Volume 8, Number 2 (1-2007)                   yafte 2007, 8(2): 39-45 | Back to browse issues page


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Sheikhian A, mohammad hasan Z, Hosseinzadegan H. The immunomodulatory effects of shark cartilage on the mouse and human immune system. yafte. 2007; 8 (2) :39-45
URL: http://yafte.lums.ac.ir/article-1-1011-en.html

Abstract:   (7204 Views)
Background: Sharks get cancer rarely. A major difference between these animals and other species is that sharks have a great amount of cartilaginous tissue. Immunomodulatory effects of the cartilage of some species (cow) have been proved. Because the immune system has a major role in the defense of the body against cancer, we studied the effects of shark cartilage on the mouse and human immune system. Materials and methods: In an experimental study, the effects of different doses of shark cartilage on humoral (antibody titer) immune response against sheep red blood cells (SRBC), were measured in mouse. In addition, we evaluated the modulatory effects of the shark cartilage on the natural killer (NK) activity of the peritoneal cells of mouse against a tumor cell line called K562, according to the standard methods. The proliferative response of the human peripheral blood mononuclear cells was measured under the influence of shark cartilage. Results: Pure shark cartilage enhanced antibody response against SRBC in vivo. The hemagglutination titer which was 1/147 in the control group (injected with hen cartilage), increased to 1/1355 in the test group. The optimal dose was 100 mg/ml. both type of cartilage had blastogenic effect on peripheral blood mononuclear cells (the blastogenic index was 6.7 and 4.9 for impure shark cartilage and hen cartilage, respectively). NK activity was inhibited completely by pure shark cartilage (the amount of the killing activity of the effector peritoneal cells for the control and test groups against target cells was 25.9% and 5.5% respectively). Conclusion: Shark cartilage has a potent immunomodulatory effect on the specific immune mechanisms and some inhibitory effects on the innate immune mechanisms such as NC activity. Since the specific immunity has a more pivotal role against tumor formation, shark cartilage can be used as a cancer immunotherapeutic.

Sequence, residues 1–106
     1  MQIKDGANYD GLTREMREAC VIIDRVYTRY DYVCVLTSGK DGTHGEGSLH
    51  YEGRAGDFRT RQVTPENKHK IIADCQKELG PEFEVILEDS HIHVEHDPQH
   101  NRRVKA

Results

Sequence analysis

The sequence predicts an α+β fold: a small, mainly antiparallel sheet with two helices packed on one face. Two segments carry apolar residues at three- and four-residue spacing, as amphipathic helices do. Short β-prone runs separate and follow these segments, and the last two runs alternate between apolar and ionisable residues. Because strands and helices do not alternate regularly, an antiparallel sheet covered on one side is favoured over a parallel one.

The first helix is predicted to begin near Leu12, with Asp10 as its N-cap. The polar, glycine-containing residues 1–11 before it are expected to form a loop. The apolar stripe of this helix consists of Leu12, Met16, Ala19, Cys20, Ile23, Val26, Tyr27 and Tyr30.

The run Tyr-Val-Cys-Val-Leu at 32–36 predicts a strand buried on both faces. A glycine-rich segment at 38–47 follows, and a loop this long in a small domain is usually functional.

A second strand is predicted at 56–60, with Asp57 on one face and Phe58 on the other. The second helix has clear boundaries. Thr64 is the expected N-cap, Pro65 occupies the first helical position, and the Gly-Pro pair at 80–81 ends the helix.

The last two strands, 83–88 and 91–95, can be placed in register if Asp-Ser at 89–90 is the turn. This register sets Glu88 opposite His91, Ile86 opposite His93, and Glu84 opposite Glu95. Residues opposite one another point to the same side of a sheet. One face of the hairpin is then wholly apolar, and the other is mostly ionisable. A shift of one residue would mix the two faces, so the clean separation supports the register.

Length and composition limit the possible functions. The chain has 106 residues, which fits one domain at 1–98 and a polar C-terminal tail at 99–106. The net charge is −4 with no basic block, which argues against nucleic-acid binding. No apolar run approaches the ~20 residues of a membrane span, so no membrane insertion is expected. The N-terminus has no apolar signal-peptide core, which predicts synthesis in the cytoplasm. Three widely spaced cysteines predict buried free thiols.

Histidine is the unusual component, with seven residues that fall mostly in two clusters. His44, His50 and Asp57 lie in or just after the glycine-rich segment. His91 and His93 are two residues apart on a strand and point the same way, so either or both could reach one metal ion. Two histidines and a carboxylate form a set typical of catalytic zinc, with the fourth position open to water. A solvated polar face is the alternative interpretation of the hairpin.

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Type of Study: Research |
Received: 2013/01/15

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